Seattle Public Schools, 1862-2000: Edison Technical School

  • Posted 9/06/2013
  • Essay 10502

This People's History of Edison Technical School is taken from Building for Learning: Seattle Public School Histories, 1862-2000 by Nile Thompson and Carolyn J. Marr. That book, published in 2002 by Seattle Public Schools, compiled profiles of all the public school buildings that had been used by the school district since its formation around 1862. The profiles from the book are being made available as People's Histories on courtesy of Seattle Public Schools. It should be noted that these essays are from 2000. Some of the buildings profiled are historic, some of recent vintage, and many no longer exist (new names and buildings not included in these profiles from 2000 have been added), but each plays or has played an important role in the education of Seattle's youth.

Edison Technical School

In 1920, the Seattle School District purchased 0.6 acre across E Olive Street from Broadway High School to allow for expansion of the site. The Broadway High School Annex was opened in 1921 to house vocational or technical education classes (i.e., auto mechanics, machine shop, sheet metal, electricity, woodworking, and printing) that had been in the main high school building. The newly vacated space in the main building was then used for classes previously held in seven portables located across Broadway in Lincoln Playfield.

Nine years later the annex building was expanded by adding a third floor and became the chief building for the new Thomas A. Edison Vocational School. The school was officially named on May 9, 1930, after the famous inventor whose life exemplified the practical applications of learning. The vocational school opened with an enrollment of 75. During the Depression, many of the students were high school graduates hoping to better their chances for employment with training in automobile mechanics (in Broadway High School's old auto shop), electrical trades, and many other fields.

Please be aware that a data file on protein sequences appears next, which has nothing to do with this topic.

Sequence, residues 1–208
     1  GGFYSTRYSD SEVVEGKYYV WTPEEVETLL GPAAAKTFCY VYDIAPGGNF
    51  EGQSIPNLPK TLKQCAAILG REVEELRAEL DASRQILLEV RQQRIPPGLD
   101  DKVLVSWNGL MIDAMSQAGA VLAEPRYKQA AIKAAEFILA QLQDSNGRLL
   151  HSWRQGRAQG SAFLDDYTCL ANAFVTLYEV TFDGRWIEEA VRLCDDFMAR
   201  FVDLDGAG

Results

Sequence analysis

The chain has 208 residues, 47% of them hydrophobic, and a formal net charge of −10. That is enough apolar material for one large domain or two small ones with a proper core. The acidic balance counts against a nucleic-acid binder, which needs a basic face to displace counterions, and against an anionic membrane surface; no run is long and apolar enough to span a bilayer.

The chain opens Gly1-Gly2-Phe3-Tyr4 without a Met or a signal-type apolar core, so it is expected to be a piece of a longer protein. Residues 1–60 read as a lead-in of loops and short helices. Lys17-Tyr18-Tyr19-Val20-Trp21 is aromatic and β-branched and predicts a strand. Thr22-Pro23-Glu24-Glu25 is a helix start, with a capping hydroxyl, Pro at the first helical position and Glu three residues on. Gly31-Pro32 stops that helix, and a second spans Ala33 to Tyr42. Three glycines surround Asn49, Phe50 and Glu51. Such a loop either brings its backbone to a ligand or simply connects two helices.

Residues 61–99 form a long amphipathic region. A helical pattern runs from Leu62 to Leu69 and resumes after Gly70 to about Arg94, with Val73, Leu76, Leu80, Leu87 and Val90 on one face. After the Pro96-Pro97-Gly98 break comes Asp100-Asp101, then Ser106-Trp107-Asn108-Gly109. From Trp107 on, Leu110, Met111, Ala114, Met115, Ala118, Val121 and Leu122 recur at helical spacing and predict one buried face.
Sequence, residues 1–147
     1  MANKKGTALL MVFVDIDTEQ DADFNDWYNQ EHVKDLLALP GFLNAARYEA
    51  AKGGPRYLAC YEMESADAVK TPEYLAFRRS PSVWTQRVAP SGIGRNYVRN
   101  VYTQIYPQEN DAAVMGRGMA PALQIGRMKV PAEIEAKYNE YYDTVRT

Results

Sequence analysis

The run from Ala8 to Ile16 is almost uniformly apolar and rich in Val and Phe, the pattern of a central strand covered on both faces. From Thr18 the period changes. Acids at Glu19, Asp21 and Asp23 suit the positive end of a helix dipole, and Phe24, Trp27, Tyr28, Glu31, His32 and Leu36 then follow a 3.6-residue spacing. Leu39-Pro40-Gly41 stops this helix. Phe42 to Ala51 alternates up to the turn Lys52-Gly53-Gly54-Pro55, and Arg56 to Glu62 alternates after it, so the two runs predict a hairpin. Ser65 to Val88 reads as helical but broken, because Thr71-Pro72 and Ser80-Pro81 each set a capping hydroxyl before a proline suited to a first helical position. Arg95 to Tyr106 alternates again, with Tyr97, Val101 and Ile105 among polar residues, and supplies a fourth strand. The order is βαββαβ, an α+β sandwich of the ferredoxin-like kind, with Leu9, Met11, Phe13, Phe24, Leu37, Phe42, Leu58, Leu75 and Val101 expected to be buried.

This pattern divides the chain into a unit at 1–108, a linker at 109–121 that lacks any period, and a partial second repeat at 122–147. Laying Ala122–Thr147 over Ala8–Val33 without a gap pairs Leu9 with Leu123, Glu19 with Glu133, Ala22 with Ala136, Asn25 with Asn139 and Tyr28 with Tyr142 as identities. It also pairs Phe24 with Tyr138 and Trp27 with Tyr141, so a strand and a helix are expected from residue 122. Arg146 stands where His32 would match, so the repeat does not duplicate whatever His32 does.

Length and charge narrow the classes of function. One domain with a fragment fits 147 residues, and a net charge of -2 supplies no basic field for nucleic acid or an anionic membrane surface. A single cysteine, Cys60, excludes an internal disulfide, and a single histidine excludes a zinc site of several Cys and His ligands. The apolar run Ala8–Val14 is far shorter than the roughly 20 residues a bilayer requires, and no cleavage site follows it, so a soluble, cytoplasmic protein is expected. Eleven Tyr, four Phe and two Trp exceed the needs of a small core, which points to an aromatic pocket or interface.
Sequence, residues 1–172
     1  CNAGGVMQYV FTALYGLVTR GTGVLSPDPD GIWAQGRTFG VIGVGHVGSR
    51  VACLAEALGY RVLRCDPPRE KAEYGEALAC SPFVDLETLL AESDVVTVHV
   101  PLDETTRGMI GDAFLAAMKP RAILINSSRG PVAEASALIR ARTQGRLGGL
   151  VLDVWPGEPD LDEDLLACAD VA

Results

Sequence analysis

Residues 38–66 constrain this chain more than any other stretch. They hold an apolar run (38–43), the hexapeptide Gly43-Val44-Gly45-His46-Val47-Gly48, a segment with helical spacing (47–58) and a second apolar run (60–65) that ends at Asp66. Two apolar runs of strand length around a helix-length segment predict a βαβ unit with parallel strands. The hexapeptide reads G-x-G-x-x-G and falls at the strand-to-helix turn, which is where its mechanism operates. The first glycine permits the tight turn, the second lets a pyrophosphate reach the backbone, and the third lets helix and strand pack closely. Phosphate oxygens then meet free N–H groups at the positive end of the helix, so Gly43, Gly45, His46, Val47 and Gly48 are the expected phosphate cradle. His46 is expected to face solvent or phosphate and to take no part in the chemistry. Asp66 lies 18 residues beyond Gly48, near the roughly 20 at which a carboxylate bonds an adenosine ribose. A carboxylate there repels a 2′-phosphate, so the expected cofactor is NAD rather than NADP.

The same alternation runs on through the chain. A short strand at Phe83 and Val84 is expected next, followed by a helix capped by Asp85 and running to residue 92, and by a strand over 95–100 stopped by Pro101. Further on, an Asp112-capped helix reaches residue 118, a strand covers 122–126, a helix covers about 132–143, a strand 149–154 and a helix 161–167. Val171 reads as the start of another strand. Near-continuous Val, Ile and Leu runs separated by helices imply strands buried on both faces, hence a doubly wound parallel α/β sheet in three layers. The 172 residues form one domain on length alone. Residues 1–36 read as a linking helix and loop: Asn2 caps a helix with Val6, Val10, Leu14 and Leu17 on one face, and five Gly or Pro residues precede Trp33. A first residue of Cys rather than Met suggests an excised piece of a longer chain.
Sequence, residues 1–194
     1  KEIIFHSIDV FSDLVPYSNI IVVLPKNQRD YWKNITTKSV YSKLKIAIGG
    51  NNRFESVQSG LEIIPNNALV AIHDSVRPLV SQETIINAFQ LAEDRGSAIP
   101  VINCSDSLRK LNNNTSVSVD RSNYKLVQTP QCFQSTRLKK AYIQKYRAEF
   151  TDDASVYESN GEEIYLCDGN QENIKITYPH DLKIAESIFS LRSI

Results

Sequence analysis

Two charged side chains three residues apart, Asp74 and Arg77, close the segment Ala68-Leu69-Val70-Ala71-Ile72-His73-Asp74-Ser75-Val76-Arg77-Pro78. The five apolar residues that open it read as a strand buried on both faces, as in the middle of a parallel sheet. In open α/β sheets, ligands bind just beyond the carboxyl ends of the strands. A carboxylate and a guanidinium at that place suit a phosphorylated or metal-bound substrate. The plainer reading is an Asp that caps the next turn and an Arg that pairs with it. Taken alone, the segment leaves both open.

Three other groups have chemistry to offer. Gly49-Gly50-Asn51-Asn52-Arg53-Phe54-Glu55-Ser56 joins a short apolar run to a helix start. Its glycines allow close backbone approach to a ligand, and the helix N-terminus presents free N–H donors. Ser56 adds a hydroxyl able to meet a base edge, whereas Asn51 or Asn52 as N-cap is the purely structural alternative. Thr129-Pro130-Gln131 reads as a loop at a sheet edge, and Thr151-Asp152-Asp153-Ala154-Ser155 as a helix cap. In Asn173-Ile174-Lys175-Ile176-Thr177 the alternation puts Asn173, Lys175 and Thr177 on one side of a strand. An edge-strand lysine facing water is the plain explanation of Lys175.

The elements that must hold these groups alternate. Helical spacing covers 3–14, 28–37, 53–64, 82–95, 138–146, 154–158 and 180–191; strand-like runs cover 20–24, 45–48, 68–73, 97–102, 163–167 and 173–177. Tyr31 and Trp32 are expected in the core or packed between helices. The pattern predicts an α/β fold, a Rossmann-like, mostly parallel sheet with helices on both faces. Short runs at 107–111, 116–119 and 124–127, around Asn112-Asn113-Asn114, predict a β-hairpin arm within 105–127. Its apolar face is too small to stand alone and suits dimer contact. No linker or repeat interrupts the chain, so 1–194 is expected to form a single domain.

The district leased a building at 1826 Broadway for welding classes in March 1938. By May 1942, the Edison Welding Shop was at 1828 1/2 Broadway as well as 1516 12th Avenue. The latter site was used through the end of World War II.

Through the years, classes at Edison were added and discontinued in response to economic and social needs. Prior to World War II, a training program for aircraft workers was launched. By 1941, it was a full-fledged war production program. The Edison building was remodeled and doubled in size in 1942, with 16 new rooms housing home service and culinary trades departments. Edison Technical provided a broad range of practical training in full and part-time classes, both day and evening.

In March 1943, the district announced, "Servicemen who come home broken in body will find a rehabilitation program waiting for them at Edison Vocational School … . The school will have facilities for hundreds of them to come and build themselves mentally and physically for a useful life." In October 1945, it was said that everyone from teenaged bobby-soxers, to veterans to gray-haired grandmothers jammed night classes, boosting enrollment at Broadway-Edison Evening School to a new high of 3,000, with many looking to complete their high school education.